Facts Of The Case
- Stone resided in a residence close to Cheetham Cricket Ground.
- A batsman in a game at the Cricket Ground on August 9, 1947, struck the
ball out of the ground. Stone was outside her home when she was struck by
- The data indicates that, in the 37 years before to the extraordinary
shot, only 5 or 6 times has a ball been hit over the fence during a match.
The Cheetham Cricket Club's Committee and Members were aware of the
instances when it had taken place.
- A cricket ball that was hit off of the ground had never before struck
anyone, and the street in which Stone lived was not the subject of heavy
- Stone filed a lawsuit against the Cheetham Cricket Club's Committee and
Members in an effort to obtain compensation for the harm the cricket ball
- She claimed that by failing to take precautions to reduce the risk of a
ball being hit out of the ground, such as relocating the wickets a short
distance away from her road or raising the fence, they were at fault for her
- what factors were relevant to determining how the reasonable person
would behave, and therefore when the defendant would be in breach of their
duty of care?
- Had the Committee and Members of the Cheetham cricket club breached
their duty of care to Stone by failing to do what a reasonable person would
do in circumstances where they know that it is conceivably possible that
someone could be struck by a ball that is hit out of the ground?
The trial judge determined the Committee, and Cheetham cricket club Members were
not negligently liable in the first instance because they had not violated their
duty of care to Stone. On appeal to the Court of Appeal, this judgement was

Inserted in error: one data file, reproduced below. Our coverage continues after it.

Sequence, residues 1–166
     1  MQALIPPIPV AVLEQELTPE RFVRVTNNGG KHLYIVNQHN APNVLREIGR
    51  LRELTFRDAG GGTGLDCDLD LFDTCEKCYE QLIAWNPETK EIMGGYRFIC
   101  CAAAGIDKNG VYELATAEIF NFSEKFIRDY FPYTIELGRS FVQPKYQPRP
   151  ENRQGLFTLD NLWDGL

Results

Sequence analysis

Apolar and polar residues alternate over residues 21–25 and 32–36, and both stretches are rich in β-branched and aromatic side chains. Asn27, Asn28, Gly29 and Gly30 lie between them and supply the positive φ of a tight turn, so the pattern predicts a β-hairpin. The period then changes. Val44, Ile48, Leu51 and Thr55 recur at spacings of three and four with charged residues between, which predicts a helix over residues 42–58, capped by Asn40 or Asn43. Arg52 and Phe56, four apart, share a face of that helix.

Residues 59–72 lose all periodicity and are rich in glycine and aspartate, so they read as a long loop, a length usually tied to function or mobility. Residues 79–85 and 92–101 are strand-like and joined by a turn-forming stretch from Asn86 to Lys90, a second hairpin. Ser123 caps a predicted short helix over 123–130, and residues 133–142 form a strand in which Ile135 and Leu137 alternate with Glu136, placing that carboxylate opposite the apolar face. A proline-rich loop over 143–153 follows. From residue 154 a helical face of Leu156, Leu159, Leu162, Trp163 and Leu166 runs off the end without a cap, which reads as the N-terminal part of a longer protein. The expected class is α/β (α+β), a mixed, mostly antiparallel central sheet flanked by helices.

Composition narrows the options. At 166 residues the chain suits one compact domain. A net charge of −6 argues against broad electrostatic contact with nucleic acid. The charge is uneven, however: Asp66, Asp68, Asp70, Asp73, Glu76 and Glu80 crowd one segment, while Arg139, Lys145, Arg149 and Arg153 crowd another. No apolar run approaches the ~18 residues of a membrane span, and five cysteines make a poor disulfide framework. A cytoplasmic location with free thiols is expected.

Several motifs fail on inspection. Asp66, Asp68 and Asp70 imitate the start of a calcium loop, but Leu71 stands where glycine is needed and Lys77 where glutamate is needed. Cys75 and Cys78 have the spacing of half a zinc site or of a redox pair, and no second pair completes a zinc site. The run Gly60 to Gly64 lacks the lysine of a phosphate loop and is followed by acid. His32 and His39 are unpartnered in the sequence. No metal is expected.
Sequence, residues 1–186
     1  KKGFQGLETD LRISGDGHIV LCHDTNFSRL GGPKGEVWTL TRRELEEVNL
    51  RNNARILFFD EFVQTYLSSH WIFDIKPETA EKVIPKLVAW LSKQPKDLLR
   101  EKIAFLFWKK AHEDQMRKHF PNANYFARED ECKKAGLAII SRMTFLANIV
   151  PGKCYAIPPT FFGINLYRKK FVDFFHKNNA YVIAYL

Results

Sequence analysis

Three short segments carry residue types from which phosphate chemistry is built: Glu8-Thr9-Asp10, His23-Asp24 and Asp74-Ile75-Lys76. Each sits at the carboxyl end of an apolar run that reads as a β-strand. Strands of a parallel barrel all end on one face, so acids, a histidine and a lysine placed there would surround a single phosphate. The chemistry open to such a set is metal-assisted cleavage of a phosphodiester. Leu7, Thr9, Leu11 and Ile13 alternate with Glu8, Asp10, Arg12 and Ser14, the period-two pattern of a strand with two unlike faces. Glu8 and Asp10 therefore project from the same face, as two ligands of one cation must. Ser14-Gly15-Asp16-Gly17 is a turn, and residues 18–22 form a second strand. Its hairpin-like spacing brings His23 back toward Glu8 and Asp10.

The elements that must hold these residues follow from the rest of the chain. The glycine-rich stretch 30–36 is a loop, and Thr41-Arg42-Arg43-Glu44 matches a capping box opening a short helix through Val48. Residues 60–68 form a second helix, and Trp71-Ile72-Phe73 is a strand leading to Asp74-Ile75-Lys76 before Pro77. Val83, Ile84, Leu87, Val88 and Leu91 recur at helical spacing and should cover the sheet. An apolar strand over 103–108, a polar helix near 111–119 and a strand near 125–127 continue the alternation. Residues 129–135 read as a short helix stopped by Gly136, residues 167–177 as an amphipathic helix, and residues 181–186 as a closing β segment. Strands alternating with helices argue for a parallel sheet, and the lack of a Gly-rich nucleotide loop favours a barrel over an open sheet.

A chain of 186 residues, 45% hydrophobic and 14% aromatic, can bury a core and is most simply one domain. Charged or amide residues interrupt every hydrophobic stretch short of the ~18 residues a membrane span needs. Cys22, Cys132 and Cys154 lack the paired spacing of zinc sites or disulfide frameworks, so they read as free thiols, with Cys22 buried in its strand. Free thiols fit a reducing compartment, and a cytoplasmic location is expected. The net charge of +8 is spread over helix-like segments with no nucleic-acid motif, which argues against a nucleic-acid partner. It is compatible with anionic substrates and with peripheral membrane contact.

reversed. The House of Lords received a petition from the Cheetham Cricket Club.
The House of Lords unanimously voted to reject the Court of Appeal's ruling and
reinstate the trial judge's verdict. The possibility of a ball struck out of the
ground striking a person on the nearby road was deemed predictable by all 5
Lords. They did, however, conclude that the trial judge's conclusion that the
Committee and Members of the Cheetham Cricket Club did not violate their duty of
care to Stone was not unreasonable because reasonableness did not call for
safety measures to be taken against the extremely small risk that someone would
be struck by a ball struck out of the ground.
The cricket club was not in violation of its obligation, according to the House
It was decided that the following elements matter in determining whether a
defendant has violated their duty of care:
- The likelihood of harm.
- What precautions were practical for a defendant to take in terms of cost
- Whether the defendant provides a socially useful service.
- The likelihood of harm in this situation was extremely minimal, and it
would be impossible to create a fence any higher than the defendant had
already done. The community received a socially beneficial service from the
cricket club. Therefore, a sensible cricket club would not have acted any
According to Lord Porter:
Before a person to be found guilty of actionable negligence, it is not enough
for the incident to be one that can be fairly predicted; the subsequent outcome
that injury is likely to follow must also be one that a reasonable man would
envisage. No matter how unlikely it is that an injury would occur, there must be
a high enough likelihood that a sensible person would expect one. Even when all
necessary precautions have been taken, there is always a certain amount of risk.
According to Lord Reid:
A reasonable person in the appellants' position, looking at the situation from
the perspective of safety, would have believed it appropriate to refrain from
taking action to prevent the danger, in his opinion. That is the criteria that
must be used here.
Some of the Lords were of the view that the precautions of moving the wickets a
few steps further away from her road or heightening the fence would have had
little or no effect in averting the danger. However, others were of the view
that what precautions might be taken was irrelevant.